Powell’s Books remains relevant specifically in the face of changing technology due to its online bookstore and the ability to sell as well as buy. Of course for any business to succeed it needs an online presence, as reporter Amy Haimerl expresses: “After years of losses, [independent bookstores] are emerging from the decimation. In a twist of fate, it is the internet — the very thing that was supposed to wipe them out — that is helping these stores” (Haimerl). What Powell’s Books offers that outranks it over most other independent bookstores in the country is that it gives consumers a searchable database of all their stocked titles and the ability to buy both new and used books over the Internet. Their web site is not only a hugely important element of their business — one can purchase their items from anywhere in the world, not just those who live in Portland — but it also gives consumers a reason to support an online book company that’s not Amazon. Most independent bookstores only succeed by their brick-and-mortar business, and so Powell’s Books is innovative in its online side of the business that continues to flourish.
Another method Powell’s Books enacts to stay relevant is to engage its consumers not only with book buying but also with book selling. The same way Grassroots Books in Reno invites its customers to make money by selling personal items — including books, DVDs, and CDs — Powell’s Books also has a wing of its company that’s devoted completely to purchasing books from its customers. What makes Powell’s Books unique in this regard is that one doesn’t have to sell his or her books in the Portland brick-and-mortar store (although that’s an option); again, using the web site, customers can type in their personal items one by one and see what books they own Powell’s Books is searching for, what will go for little money or lots of money, and what the final buying price will tentatively be. This practice points to a sense of community, especially among those who may live across the country but still get to take part in the daily buying and selling practices of Powell’s Books. It’s a win-win situation, Powell’s Books taking in used and new titles for their shelves, customers making a profit from selling items they no longer need, and a community that works together to make a better shopping experience overall.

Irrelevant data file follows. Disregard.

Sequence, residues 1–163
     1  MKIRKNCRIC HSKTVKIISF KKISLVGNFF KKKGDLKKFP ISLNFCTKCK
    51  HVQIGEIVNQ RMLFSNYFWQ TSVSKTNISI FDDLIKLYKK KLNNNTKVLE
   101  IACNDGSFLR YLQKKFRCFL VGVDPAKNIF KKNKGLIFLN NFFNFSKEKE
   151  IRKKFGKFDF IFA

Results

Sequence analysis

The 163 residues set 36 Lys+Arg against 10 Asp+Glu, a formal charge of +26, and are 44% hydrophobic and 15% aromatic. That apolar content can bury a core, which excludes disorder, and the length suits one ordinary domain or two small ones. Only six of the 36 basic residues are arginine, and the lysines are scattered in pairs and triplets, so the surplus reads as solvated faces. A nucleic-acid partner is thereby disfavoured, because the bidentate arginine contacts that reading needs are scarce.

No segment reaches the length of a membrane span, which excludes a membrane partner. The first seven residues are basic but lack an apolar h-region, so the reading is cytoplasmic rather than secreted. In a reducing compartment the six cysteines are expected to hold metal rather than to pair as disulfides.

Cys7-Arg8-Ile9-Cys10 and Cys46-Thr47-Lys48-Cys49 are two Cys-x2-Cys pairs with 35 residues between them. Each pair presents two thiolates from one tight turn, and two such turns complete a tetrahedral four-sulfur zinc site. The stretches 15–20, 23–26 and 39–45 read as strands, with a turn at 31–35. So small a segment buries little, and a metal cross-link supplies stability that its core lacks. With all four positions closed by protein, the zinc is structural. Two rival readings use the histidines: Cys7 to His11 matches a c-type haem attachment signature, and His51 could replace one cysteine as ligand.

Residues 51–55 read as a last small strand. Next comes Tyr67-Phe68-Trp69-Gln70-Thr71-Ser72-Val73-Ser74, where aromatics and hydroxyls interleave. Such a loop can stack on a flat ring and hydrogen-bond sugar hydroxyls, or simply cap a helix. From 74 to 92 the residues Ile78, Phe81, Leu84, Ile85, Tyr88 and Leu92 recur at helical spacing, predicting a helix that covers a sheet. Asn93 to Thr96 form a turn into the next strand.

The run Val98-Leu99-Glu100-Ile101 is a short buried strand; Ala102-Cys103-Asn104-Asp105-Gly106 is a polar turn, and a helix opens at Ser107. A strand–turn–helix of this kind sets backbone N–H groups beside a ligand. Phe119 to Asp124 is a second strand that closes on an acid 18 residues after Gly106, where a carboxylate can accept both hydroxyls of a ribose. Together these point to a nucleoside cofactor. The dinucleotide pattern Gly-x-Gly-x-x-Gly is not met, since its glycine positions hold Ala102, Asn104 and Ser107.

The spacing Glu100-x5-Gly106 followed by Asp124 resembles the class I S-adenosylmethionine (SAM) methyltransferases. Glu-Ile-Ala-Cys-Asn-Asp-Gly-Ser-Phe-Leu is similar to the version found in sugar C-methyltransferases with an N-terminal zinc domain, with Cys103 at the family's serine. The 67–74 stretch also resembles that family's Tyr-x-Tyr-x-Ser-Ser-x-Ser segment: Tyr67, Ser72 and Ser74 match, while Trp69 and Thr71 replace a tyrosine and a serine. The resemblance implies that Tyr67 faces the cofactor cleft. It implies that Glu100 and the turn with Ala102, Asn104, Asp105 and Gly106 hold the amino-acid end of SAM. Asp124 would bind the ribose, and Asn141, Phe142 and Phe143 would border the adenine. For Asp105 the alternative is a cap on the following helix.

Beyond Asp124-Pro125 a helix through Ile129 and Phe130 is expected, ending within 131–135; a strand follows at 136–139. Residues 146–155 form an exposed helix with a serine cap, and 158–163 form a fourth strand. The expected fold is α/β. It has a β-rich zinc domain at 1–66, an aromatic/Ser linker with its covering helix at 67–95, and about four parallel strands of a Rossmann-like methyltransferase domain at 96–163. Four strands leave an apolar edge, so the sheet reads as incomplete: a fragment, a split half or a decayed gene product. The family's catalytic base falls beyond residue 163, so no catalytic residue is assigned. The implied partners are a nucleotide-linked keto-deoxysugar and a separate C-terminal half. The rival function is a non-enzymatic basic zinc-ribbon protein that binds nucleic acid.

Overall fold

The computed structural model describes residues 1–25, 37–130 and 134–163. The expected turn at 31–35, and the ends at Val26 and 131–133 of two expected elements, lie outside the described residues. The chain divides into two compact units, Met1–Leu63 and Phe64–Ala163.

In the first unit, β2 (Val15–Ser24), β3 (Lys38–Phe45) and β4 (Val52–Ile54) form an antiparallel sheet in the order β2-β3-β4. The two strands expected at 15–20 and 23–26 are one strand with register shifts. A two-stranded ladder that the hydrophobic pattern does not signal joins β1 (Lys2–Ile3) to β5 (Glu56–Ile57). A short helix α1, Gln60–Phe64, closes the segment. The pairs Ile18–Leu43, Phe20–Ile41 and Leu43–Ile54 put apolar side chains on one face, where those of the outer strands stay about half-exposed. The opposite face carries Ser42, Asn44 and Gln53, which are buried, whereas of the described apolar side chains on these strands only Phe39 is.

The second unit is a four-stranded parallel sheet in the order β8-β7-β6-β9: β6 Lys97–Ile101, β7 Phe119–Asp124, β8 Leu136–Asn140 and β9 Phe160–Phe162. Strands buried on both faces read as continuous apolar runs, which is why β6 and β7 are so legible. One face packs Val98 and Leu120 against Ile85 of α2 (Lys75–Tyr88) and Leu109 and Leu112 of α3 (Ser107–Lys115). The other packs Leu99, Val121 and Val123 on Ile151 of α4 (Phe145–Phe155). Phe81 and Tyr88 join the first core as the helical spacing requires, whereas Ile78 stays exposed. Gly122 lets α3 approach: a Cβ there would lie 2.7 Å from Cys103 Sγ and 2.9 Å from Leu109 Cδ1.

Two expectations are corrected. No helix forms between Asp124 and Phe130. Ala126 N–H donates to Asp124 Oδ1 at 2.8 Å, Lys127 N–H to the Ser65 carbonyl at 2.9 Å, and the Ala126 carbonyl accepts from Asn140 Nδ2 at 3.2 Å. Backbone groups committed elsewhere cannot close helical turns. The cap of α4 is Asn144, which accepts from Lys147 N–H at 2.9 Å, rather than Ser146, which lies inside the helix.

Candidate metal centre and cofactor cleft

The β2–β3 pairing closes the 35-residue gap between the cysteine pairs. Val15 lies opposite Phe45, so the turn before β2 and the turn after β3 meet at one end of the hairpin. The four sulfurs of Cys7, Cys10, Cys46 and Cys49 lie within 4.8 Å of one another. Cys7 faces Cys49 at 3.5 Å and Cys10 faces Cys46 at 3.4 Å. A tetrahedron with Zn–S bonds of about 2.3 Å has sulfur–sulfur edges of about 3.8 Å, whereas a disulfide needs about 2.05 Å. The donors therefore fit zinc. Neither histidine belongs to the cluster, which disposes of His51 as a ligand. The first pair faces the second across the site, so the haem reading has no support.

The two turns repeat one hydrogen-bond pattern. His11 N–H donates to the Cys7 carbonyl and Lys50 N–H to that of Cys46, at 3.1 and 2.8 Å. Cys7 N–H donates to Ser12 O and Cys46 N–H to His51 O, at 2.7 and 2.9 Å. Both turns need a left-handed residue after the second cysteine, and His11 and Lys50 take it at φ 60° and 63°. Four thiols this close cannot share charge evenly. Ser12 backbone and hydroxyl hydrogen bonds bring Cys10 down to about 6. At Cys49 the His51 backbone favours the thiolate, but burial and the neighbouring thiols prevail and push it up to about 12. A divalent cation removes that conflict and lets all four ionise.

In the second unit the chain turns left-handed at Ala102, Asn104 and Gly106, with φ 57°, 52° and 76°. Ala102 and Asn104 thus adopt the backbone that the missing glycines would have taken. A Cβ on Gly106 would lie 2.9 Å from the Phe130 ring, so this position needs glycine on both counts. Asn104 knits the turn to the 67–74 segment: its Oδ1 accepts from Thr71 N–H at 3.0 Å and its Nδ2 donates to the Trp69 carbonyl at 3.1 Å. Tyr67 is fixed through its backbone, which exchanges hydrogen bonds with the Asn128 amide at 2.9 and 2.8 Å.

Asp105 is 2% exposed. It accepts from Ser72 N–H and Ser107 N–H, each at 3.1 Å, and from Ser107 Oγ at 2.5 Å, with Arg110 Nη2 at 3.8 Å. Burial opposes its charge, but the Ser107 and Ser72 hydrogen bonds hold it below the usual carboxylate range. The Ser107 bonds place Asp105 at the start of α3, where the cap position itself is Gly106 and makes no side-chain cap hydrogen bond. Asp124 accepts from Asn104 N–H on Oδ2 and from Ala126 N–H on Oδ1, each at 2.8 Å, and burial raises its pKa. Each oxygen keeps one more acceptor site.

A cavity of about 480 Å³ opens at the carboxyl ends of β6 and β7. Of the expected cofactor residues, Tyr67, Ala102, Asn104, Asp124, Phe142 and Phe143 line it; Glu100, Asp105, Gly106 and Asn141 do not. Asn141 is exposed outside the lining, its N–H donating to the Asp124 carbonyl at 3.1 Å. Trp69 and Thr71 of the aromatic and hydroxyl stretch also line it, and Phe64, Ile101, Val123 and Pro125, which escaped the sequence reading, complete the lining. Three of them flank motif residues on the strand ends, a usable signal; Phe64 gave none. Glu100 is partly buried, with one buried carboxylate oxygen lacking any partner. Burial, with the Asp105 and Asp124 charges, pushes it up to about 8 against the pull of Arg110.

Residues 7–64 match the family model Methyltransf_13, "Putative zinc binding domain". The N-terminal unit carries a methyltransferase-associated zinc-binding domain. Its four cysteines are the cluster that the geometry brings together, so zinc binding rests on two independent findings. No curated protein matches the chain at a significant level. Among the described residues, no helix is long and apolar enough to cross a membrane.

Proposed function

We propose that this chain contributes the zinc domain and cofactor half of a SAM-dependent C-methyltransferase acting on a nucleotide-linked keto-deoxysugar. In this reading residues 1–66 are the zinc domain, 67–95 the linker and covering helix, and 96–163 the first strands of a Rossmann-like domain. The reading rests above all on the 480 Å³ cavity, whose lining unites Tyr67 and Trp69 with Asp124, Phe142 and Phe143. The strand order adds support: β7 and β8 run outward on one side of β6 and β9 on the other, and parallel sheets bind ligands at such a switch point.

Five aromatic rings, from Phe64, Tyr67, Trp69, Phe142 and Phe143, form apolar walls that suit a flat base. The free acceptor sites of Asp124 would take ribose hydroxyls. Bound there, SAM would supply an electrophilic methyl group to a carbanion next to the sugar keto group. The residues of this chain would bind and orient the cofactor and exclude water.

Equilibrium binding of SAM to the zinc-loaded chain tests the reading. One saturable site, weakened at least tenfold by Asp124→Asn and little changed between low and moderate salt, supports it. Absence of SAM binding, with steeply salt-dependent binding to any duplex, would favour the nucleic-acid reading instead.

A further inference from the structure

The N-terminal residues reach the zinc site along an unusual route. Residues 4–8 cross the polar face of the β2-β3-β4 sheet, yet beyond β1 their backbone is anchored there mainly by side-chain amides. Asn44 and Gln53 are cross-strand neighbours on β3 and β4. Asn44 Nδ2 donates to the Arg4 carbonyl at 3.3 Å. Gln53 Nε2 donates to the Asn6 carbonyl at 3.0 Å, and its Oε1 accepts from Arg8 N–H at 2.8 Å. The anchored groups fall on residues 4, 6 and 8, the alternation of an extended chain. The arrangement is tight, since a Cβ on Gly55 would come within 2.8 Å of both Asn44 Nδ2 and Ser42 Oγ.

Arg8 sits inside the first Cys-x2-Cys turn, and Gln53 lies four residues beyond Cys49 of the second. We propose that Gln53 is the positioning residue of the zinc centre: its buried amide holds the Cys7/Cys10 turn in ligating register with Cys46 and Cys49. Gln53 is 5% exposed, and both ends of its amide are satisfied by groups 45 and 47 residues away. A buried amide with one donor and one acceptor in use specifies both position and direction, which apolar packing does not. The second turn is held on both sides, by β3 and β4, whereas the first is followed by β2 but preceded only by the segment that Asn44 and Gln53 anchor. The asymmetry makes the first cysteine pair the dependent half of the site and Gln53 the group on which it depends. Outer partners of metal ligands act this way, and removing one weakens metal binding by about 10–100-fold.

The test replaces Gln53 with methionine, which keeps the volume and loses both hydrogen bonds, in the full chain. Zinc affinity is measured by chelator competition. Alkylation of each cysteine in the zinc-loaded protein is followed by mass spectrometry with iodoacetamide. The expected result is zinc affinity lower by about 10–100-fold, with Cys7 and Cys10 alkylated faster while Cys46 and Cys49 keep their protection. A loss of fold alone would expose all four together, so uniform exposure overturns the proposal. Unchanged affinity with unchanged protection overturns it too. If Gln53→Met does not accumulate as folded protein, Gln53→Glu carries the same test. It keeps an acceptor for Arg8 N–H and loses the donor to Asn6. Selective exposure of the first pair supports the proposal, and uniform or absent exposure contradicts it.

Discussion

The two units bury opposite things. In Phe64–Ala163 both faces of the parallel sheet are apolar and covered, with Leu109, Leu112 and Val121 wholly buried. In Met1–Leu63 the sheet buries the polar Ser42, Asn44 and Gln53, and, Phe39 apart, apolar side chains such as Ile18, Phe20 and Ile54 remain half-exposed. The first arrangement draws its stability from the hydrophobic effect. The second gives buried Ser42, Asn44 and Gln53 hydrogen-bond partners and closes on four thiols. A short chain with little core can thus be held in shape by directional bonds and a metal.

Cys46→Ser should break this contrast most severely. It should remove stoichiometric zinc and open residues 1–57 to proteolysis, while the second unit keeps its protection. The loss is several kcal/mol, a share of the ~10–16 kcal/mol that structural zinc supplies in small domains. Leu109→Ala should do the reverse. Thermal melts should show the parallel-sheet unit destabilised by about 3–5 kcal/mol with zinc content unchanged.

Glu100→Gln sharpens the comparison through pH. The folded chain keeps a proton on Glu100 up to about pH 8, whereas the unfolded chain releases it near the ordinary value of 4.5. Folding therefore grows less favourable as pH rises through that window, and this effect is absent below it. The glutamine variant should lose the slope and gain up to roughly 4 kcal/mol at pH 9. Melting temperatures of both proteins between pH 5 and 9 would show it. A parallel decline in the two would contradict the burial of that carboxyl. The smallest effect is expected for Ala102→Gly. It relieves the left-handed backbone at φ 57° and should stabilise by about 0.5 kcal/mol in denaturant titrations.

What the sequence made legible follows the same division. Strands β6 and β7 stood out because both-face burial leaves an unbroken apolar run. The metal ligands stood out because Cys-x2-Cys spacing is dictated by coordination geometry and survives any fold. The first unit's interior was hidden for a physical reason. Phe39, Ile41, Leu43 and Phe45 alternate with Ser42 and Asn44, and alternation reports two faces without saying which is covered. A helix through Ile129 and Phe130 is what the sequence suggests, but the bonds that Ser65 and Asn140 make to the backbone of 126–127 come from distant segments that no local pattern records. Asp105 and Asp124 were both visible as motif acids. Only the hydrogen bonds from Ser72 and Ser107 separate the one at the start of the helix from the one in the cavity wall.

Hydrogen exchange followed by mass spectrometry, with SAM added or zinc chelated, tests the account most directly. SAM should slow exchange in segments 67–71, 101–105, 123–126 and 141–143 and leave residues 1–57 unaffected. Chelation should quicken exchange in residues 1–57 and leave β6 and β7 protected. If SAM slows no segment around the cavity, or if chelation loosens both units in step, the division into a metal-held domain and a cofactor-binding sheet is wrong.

Powell’s Books also stays innovative is in its focus on in-store events, like book signings and author talks, and a top-floor section specifically dedicated to rare, out-of-print books, all which can’t be done online or at home. As much as Powell’s reaches out to consumers who can’t be in Portland, they also go out of their way to provide substantial events for book lovers in-house that goes beyond an occasional author visit. Most bookstores, both corporately owned like Barnes & Noble and independently owned across the country, offer author readings and signings, sometimes from big-name authors and sometimes from local ones. As author Caitlin Kelly says, “How often, really, can you get within a foot of any other creator of culture, someone whose work keeps you up late into the night, turning pages? Many serious readers are still thrilled to meet a real author and to chat with them, even for a few minutes, to see what they really look like and whether they’re nice to fans” (Kelly).